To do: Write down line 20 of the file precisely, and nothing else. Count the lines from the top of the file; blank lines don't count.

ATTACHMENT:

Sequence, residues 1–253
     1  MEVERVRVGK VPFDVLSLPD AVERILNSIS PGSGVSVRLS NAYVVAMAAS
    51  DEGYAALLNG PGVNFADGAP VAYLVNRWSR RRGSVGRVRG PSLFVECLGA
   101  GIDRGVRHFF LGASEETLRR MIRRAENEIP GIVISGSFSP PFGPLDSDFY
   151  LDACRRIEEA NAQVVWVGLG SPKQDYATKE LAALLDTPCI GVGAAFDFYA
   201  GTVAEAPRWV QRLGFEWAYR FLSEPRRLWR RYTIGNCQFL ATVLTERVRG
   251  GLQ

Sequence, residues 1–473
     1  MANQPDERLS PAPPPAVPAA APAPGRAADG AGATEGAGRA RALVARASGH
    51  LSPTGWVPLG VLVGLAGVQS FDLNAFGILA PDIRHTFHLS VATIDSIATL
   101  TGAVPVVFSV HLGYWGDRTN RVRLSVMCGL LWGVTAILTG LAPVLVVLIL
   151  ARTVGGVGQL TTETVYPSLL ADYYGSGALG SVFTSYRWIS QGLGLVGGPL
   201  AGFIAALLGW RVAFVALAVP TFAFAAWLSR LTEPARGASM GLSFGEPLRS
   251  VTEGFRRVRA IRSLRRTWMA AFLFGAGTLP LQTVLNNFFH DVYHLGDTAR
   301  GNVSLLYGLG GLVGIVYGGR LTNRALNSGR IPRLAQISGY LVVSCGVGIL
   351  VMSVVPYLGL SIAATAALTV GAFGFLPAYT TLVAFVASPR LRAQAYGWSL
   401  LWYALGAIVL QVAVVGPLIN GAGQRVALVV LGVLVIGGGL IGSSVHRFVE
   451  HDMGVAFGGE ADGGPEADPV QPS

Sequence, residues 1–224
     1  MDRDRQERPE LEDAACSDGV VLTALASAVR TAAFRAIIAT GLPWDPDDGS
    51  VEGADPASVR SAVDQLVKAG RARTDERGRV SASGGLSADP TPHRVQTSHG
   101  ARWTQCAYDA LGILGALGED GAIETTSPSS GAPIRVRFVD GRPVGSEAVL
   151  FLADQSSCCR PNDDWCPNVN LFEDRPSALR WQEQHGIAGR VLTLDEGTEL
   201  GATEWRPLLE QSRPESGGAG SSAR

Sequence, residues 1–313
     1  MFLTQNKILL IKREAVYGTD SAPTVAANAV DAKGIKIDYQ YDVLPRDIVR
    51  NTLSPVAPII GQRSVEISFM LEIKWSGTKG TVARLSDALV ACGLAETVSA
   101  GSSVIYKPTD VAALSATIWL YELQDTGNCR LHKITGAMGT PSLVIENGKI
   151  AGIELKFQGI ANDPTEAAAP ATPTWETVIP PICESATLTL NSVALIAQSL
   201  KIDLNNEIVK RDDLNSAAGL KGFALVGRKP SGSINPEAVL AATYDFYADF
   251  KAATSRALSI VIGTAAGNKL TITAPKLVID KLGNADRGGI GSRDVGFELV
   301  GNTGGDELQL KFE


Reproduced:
     1  MDRDRQERPE LEDAACSDGV VLTALASAVR TAAFRAIIAT GLPWDPDDGS